Greener steel processing upgrading the industry
Steel production is responsible for approximately 4% of global CO2 emissions. In 2018, China produced 928.3 million metric tonnes of crude steel - half of the world’s total - leading to massive greenhouse gas emissions. Using low quality steel products limits structural integrity and creates huge energy waste. Decarbonising the steel production industry and improving steel quality play a vital role in the global fight against climate change.
Cleaning steel requires a lot of energy. It is heated using an electric current which removes non-metallic impurities. If these are left, they can cause cracks and instability. Professor Wan-lin Wang from Central South University, China and Professor Rong-shan Qin from the Open University, UK have developed an electropulse-based steel processing method. Short electric pulses replace the electric current. This significantly reduces the energy needed to clean the steel.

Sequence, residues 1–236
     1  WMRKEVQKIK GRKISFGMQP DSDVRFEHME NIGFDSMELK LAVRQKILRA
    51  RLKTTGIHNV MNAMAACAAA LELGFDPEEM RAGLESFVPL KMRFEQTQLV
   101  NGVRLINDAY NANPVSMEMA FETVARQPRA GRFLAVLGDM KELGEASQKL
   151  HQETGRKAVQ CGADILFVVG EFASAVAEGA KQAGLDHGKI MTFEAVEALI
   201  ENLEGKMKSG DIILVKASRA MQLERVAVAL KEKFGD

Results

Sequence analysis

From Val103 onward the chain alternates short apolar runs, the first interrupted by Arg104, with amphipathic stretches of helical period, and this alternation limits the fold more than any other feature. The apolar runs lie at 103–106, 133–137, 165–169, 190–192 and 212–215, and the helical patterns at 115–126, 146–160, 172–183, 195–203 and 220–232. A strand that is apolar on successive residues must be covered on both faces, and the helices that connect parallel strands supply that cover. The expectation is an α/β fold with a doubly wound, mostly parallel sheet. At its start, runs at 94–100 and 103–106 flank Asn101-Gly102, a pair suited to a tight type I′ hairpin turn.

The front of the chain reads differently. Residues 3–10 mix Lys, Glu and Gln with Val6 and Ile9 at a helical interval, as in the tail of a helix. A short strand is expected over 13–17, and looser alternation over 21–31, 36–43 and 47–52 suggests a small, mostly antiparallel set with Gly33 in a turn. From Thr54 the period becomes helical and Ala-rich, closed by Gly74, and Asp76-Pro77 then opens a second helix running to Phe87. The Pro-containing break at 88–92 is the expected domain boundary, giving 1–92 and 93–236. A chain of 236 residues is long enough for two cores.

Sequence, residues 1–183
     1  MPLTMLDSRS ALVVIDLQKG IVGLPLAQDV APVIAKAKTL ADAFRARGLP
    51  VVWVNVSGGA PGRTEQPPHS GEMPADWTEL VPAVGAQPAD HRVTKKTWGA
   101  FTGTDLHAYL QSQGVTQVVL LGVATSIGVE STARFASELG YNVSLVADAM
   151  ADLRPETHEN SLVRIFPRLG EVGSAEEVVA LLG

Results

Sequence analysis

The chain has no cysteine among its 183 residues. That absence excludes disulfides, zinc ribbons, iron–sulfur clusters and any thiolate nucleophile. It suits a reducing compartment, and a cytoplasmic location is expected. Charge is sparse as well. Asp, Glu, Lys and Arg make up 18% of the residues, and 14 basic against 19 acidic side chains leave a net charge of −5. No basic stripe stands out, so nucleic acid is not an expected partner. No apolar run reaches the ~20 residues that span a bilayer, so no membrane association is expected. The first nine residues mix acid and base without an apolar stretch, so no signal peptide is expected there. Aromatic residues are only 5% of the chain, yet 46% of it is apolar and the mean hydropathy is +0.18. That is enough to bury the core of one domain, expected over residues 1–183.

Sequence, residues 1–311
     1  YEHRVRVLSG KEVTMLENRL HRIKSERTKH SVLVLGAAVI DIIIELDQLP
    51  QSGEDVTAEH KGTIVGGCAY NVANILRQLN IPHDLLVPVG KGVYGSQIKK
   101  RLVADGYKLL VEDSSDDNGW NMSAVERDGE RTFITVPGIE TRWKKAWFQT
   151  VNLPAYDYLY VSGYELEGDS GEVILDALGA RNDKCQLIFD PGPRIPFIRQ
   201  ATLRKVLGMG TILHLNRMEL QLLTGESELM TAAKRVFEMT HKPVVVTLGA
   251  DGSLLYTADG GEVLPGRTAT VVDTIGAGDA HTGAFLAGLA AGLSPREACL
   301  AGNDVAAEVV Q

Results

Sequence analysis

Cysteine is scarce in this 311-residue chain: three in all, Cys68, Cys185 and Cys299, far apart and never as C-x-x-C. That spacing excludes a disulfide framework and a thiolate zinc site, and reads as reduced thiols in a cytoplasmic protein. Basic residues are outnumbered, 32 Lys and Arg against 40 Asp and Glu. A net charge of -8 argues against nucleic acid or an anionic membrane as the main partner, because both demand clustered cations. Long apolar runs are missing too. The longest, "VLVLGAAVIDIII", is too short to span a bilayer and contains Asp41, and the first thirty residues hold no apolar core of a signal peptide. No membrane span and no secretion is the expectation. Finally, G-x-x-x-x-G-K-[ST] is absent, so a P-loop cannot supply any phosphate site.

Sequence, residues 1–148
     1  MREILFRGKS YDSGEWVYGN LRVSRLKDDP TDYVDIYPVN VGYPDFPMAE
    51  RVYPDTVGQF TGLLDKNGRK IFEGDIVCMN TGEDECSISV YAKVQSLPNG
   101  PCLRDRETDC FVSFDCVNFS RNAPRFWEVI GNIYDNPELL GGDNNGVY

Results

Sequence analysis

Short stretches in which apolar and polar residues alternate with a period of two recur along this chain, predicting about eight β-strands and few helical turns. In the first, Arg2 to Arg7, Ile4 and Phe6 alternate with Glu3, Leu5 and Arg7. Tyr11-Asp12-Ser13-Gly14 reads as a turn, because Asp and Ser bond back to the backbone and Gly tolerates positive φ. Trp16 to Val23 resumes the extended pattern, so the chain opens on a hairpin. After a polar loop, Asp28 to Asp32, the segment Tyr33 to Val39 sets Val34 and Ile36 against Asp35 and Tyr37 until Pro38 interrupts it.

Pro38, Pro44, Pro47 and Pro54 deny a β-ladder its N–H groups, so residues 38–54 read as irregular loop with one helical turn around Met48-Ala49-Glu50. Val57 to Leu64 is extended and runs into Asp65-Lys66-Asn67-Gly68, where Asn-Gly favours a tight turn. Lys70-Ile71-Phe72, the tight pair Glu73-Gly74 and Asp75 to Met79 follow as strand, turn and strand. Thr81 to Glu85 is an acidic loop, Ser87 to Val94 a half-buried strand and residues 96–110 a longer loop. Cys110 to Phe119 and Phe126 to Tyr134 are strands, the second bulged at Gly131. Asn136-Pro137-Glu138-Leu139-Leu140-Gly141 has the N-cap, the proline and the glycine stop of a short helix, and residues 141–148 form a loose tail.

If scaled up, this method could improve efficiency and reduce the cost of clean steel production. Alongside these technological advancements, the research teams have also benefited from a closer and deeper UK-China scholar network.
It’s important for scientists to work together for global benefits, and Newton Fund provided us with this opportunity.
Professor Wan-lin Wang, Central South University, China
Study of the Electropulse-based Superclean Steel Green Processing Method
Project leads: Professor Rong-shan Qin, Open University, UK and Professor Wan-lin Wang, Central South University, China
Delivery partners: Royal Society, UK and National Natural Science Foundation of China